Figure 1:
(A) Intraoperative picture of a large thin-walled cyst, (B) multiple daughter cyst inside the cyst, (C) daughter cyst delivered out.
Figure 2:
Photomicrograph (Wet mount microscopy) showing several hooklets (yellow arrow) of Echinococcus granulosus.

DISCUSSION

Hydatid disease or hydatidosis, caused by Echinococcus granulosus, is endemic in the Indian subcontinent, especially in the sub-Himalayan regions.[3,4] Exposure to pets, lack of proper hand hygiene, scarcity of water, and farming are risk factors of hydatid disease.[5,6] Lung hydatids are more common than the liver in the pediatric age group, contrary to adults.[1] In nearly 8 to 10% of the patients, hydatid cysts can be present in unusual locations like peritoneum, mesentery, and omentum.[2,7,8] Intraperitoneal hydatid disease is seen in approximately 3.9 to 12.5% of patients.[9,10] The involvement of two organs is seen in 5 to 13% of the patients.[11] Patients with hydatid disease may remain asymptomatic for a long period of time until the cyst is large enough to cause symptoms.[12] Hydatid cysts usually present as well-defined thick-walled cystic lesions with daughter cysts. The index case had a flimsy cyst wall contrary to the usually reported intraoperative findings. Prompt treatment of these cysts is recommended as they are prone to complications like rupture, hemorrhage, infection, torsion, and dissemination of the disease.[13] Recurrence due to spillage has been reported in up to 13% of patients.[14] Hydatid cyst can be considered in the differential diagnosis of large intra-abdominal cysts like a mesenteric, omental, or duplication cyst. Mesenteric lymphangioma is also an important differential diagnosis to be considered.

A search of the PubMed and Embase databases using the following search terms: (“liver” OR “hepatic) AND (“mesenteric” OR “mesentery”) AND (“hydatid” OR “hydatidosis” OR “echinococcus”) yielded no such similar case in the pediatric age group. However, the simultaneous occurrence of hepatic and mesenterichydatidwas seen in a 39 year oldyoung man as reportedby Paramythiotis etal.[15] The presentationwassimilar to our index case and the CT imaging revealed three calcified lesions, one in the liver, one adjacent to an ileal loop, and one close to the urinary bladder. Excision of the lesions was done.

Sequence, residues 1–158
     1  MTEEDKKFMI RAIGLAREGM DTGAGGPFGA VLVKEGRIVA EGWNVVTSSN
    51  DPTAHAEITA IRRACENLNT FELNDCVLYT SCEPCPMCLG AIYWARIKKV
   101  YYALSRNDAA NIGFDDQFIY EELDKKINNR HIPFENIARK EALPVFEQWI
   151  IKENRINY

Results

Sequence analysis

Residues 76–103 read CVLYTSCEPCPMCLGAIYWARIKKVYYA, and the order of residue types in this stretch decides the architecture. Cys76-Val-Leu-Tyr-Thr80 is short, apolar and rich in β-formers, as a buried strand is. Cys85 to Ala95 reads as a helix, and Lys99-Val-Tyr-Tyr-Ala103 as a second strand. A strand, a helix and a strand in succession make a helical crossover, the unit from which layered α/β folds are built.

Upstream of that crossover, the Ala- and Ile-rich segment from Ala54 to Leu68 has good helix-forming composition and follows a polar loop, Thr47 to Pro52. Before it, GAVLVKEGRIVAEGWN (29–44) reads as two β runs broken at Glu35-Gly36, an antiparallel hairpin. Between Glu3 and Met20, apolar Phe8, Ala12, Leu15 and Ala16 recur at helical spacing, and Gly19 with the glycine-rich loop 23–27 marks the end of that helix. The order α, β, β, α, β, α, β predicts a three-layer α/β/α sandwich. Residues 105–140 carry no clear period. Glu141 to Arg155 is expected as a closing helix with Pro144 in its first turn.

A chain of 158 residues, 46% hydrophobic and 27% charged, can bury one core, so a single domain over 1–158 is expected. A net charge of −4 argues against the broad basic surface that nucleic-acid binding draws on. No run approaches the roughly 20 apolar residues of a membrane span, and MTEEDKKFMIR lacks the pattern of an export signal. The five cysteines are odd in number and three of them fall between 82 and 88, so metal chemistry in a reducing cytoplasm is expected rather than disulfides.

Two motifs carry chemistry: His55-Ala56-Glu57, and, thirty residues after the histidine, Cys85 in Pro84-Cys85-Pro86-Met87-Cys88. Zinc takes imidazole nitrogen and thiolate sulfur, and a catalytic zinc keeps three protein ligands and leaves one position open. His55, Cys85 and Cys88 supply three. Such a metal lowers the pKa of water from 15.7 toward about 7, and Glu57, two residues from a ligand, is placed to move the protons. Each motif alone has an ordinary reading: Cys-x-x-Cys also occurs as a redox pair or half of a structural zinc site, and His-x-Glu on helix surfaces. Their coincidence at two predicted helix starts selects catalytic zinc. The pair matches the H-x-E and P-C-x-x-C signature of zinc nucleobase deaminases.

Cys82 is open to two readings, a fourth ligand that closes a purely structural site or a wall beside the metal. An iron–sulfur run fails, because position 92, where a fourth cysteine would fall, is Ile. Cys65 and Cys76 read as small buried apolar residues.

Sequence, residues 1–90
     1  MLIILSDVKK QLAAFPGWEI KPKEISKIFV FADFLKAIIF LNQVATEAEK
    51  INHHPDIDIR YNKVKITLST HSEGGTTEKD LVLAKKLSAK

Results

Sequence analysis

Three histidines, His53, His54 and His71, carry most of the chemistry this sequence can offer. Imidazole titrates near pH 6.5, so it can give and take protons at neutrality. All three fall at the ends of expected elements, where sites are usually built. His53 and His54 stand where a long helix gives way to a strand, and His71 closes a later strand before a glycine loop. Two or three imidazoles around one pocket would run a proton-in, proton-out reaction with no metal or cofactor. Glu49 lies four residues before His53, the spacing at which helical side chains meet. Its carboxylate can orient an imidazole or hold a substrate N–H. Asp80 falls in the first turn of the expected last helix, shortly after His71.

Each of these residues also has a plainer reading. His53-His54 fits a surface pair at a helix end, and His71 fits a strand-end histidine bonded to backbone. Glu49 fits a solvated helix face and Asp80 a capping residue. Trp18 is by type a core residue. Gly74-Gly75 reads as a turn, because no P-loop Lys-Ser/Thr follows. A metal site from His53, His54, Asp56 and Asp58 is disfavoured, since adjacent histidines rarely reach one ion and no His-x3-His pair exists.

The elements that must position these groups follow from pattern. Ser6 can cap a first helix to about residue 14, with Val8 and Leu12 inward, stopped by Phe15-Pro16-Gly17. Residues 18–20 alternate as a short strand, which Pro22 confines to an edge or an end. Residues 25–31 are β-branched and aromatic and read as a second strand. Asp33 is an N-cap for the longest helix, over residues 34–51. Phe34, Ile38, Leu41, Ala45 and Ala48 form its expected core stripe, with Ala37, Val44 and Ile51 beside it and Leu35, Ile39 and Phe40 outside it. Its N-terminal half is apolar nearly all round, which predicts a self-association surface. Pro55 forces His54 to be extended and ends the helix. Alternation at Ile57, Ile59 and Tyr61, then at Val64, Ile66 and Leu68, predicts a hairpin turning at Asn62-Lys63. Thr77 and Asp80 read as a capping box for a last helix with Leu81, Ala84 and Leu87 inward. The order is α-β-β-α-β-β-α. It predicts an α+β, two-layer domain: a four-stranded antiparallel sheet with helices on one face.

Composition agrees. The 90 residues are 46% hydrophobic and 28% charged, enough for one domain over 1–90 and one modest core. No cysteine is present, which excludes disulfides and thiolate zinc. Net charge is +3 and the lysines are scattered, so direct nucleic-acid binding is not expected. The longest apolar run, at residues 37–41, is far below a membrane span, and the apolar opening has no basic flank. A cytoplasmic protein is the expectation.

Another report by Deshmukh et al[16] revealed multiple hydatids in the liver, mesentery, peritoneum in a 61-year-old female who presented with abdomen distension. Laparotomy and excision of the cysts have been done. In literature, there have been many case reports and series on multiple hydatids of the lung, liver, spleen, peritoneal cavity, etc., but the presence of isolated liver and mesenteric hydatid is very rare. We hypothesize that involvement of the mesentery could be attributed to an event of a subclinical rupture from the liver cyst and intraperitoneal seeding of daughter cysts or escape into the systemic circulation.[17,18] Fortunately, the index case did not develop anaphylaxis and the cyst size gradually progressed causing the symptoms as described.

The goal of treatment in hydatid disease is to prevent rupture and spillage of the hydatid. Depending on Gharbi’s classification, the management of the cyst changes. Surgical treatment is required in Gharbi type 3 and 4 lesions, and open surgery is required in lesions more than 14cm in size.[16,19] However, percutaneous treatment is done in Gharbi type 1 and 2 and no treatment is required in Gharbi type 5. Appropriate scolicidal agents, like 10% povidone-iodine or 3% hypertonic saline, must be used during surgery to prevent anaphylaxis and distant seeding of the disease. Gentle and meticulous dissection is imperative with complete excision where ever possible. Postoperatively, the patients are treated with albendazole (dose: 10 mg/kg/day) for 3 months to prevent a recurrence.[16,19,20]

CONCLUSION

Involvement of liver and mesentery with hydatid disease is very rare. In the pediatric age group, trivial trauma while playing can lead to rupture of the cyst and cause the spread of the disease. Mesenteric hydatid cysts present with vague symptoms similar to mesenteric cysts. They should be kept as one of the differential diagnoses, especially in endemic regions. Appropriate management will prevent infection and rupture of the cyst, which can be life-threatening.

Conflict of Interest

None declared.